If you’ve ever been on a distillery tour, chances are that the milling room wasn’t exactly the highlight of your trip. Sure, looking at the boxes with husks, grit and flour can be fun, but unless the machinery is running, there really isn’t all that much to see. And if the mill is in fact operational, the noise level is so deafening that you will quickly be ushered into the next room, where the tour guide can give an explanation.
While washbacks might be made out of fresh pine wood and a newly replaced still may yet be shiny, the malt mill is always the same old, worn machine, like something straight out of a dusty shed with antique, discarded equipment. There is a reason for this though, and that reason is simple: almost all the malt mills currently in use do date back a few generations. You sometimes hear the phrase “They don’t make them like this anymore”, and in the case of the malt mill, this is actually true: they stopped being produced in the 1970s. But the reason the malt mill went out of production wasn’t because it wasn’t working properly or had somehow become obsolete. Quite the contrary, malt mills were so effective and durable, that they forced the companies that produced them into bankruptcy. Never breaking down, never malfunctioning, just grinding away the tonnes of barley that are thrown at it, year in, year out. Since they hardly ever needed to be replaced, there wasn’t a whole lot of money to be made by selling them. Malt mills are an example of something that was simply too well made, and contemporary manufacturers have taken note. While a malt mill could easily last a lifetime, cars or phones these days are made to break down in mere years, thereby boosting sales.
Most Scottish whisky distilleries own one of two brands of malt mill: either a Robert Boby or a Porteus, both of which work largely in the same way. Before entering the actual mill, the barley passes through a dresser, which acts as a sieve to filter out any larger objects, such as stones or pieces of straw. These dressers are also fitted with magnets to stop any small metallic objects from getting stuck in the mill. The mill itself consists of two rollers. The first roller cracks the husks of the barley, while the second pulvarises the grain. The resulting mixture is called grist, and can range from a light and powdery dust to a rough, coarse mixture. If the grist is too fine, it will clog up the mash tun, whereas valuable sugars will be lost if the mixture is too coarse.
Clearly then, the malt mill performs an important task. Yet despite the fact that that it may grind up thousands of kilograms of barley per year, it hardly requires any maintenance. In fact, distilleries take a strange pleasure in showing off how old their mills are and comparing when the last repairs took place. For example, Deanston proudly states that their mill was only recalibrated twice since the 1960s, while Glenfarclas proclaims that they’ve not had to replace their rollers in over 30 years. When a malt mill does break down however, this can spell trouble for the distillery. Since both Robert Boby and Porteus are now defunct, spare parts are very hard to come by and must be made to order. As such, malfunctioning mills can take days to repair, forcing a distillery to fall silent the moment it runs out of grist. For a business that is normally operational nonstop, this can be a costly distraction. Spare parts aside, since these machines are now so arcane, it can even be tricky to find a skilled mechanic to service them. The Bruichladdich website states that their mill was “refurbished by the only man in the country with the expertise to do so, two weeks before he died”. I can hardly imagine that there was only a single capable mechanic left, so while this may be an exaggeration, it does illustrate the fact quite nicely.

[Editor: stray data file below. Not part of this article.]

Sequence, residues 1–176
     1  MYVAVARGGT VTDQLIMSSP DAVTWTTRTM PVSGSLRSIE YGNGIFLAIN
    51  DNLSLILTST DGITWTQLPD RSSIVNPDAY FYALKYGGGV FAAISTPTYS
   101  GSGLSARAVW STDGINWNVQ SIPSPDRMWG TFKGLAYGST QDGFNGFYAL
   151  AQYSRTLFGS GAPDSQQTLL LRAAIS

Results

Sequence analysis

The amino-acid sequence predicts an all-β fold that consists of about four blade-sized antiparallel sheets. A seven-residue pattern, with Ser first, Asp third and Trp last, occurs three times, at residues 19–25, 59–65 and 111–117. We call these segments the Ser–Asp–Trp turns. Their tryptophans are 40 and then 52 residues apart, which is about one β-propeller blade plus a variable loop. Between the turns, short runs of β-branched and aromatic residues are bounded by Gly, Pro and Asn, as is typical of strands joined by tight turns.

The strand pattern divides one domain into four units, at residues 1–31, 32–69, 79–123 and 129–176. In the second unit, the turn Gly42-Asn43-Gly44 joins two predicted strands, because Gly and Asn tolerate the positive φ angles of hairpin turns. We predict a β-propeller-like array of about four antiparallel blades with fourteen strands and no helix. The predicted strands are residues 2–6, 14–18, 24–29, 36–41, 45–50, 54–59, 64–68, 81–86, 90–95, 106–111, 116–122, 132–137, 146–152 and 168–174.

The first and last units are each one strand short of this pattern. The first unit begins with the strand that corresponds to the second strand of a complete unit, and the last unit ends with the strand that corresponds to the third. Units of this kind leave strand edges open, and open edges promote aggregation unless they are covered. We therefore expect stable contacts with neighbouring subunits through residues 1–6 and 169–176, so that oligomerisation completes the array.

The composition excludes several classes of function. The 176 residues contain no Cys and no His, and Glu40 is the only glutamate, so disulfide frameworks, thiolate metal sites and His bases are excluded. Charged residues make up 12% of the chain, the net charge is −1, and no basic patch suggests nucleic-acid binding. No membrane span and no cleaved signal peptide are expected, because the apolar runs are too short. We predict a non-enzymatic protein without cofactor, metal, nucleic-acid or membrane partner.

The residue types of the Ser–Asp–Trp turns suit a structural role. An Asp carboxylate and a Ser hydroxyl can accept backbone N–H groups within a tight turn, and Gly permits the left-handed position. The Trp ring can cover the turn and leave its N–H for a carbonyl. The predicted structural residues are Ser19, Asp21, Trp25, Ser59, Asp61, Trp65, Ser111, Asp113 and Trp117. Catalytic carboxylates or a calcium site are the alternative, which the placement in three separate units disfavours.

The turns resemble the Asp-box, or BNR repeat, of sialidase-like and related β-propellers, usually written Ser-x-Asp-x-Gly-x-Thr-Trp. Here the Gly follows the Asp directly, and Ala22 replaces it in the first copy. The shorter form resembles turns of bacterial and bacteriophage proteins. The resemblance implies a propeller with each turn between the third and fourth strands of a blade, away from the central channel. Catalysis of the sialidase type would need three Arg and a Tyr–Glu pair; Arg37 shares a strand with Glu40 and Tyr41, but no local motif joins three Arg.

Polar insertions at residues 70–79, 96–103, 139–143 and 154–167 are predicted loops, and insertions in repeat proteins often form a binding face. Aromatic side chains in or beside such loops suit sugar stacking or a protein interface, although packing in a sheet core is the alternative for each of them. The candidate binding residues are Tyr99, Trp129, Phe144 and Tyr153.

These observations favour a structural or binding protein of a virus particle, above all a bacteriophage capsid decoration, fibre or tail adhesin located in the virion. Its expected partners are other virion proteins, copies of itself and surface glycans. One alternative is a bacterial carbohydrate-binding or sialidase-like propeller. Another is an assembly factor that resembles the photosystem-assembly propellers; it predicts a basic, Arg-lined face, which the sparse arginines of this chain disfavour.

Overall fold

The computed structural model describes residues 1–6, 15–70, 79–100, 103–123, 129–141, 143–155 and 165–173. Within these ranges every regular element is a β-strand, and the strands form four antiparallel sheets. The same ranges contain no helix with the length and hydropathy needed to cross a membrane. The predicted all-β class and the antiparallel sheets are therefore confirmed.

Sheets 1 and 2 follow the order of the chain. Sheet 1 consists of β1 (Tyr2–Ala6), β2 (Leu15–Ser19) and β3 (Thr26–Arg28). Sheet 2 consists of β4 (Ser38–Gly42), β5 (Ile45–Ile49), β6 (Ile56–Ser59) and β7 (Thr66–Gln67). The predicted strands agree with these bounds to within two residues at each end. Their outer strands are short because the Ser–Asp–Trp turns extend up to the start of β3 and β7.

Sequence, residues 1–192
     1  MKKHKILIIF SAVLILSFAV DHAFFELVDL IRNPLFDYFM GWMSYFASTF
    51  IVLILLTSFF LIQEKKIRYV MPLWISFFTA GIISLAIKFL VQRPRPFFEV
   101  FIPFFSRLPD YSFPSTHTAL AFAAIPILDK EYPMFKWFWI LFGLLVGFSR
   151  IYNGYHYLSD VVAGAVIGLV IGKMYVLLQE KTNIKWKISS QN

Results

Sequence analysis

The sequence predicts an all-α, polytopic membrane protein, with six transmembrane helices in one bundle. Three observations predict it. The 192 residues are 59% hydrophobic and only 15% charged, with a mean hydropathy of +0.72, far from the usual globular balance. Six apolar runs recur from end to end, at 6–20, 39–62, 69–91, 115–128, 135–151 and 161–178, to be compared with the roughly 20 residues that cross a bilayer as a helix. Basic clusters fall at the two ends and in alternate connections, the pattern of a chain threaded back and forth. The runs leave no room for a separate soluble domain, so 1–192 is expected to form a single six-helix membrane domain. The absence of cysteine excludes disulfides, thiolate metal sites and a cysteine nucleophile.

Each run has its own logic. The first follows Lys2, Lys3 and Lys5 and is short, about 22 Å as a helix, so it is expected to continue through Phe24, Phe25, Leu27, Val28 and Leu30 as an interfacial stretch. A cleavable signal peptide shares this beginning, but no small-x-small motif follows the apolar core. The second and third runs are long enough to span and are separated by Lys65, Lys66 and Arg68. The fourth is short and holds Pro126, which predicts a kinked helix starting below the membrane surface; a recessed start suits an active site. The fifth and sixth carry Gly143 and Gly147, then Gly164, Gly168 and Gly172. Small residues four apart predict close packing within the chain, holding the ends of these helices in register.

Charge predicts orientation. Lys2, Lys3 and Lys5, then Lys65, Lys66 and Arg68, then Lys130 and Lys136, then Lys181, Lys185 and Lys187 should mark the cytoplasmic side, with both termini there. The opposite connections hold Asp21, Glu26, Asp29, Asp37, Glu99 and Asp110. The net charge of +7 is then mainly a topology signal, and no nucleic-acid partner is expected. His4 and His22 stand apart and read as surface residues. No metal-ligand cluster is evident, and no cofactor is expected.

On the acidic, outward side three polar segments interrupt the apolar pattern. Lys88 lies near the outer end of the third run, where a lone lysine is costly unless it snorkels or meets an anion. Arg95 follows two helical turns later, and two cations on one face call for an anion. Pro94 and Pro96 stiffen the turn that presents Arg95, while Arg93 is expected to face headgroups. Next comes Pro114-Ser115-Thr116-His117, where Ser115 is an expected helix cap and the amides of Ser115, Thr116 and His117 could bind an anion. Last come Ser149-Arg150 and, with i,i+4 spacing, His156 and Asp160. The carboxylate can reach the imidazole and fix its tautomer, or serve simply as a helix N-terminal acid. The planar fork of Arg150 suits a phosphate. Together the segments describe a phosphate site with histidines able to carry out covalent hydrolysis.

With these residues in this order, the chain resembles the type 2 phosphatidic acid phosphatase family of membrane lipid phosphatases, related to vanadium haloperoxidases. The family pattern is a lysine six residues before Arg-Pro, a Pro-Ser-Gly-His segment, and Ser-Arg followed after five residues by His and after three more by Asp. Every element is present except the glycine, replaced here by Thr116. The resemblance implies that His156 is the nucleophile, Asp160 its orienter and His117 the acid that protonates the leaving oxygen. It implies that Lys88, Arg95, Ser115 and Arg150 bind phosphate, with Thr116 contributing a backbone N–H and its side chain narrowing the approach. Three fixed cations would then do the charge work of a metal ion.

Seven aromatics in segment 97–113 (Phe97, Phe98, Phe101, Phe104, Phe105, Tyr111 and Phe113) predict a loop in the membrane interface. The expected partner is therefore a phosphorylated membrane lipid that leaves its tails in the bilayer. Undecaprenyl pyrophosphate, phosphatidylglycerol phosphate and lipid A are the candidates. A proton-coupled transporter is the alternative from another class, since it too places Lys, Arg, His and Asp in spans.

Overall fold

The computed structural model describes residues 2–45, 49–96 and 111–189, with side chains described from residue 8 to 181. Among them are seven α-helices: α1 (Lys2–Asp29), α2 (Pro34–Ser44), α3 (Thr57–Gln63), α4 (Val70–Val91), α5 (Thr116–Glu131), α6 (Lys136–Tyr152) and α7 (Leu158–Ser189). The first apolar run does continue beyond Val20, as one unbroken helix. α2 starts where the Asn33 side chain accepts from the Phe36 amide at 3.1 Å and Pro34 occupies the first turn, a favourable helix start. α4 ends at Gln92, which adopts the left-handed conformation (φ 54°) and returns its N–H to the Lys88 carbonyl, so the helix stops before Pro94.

Buying a new mill is not really an option either. When Ardbeg installed its Robert Boby mill in 1921, it cost £300. A new (second hand) mill would cost around £60.000 nowadays, quite an outlay for a machine that’s over 50 years old! Yet obtaining a newer form of equipment is apparently not done, as even newly established distilleries do not commission a new, state-of-the-art mill to be built, but instead go in search for a Porteus or Boby mill from a mothballed distillery or brewery. To illustrate, although Kilchoman was established in 2005, they managed to acquire an 80 year old Porteus mill from a local brewery, which is now easily the oldest piece of equipment in the distillery. I suspect that in another 80 years, that same mill will still be running smoothly, outlasting other equipment, staff and perhaps even the distillery itself. And while producing a malt mill this durable may not have made good commercial sense, it is definitely something to be proud of. Porteus and Boby may disagree, but I would certainly like to raise a glass to the unbreakable malt mill!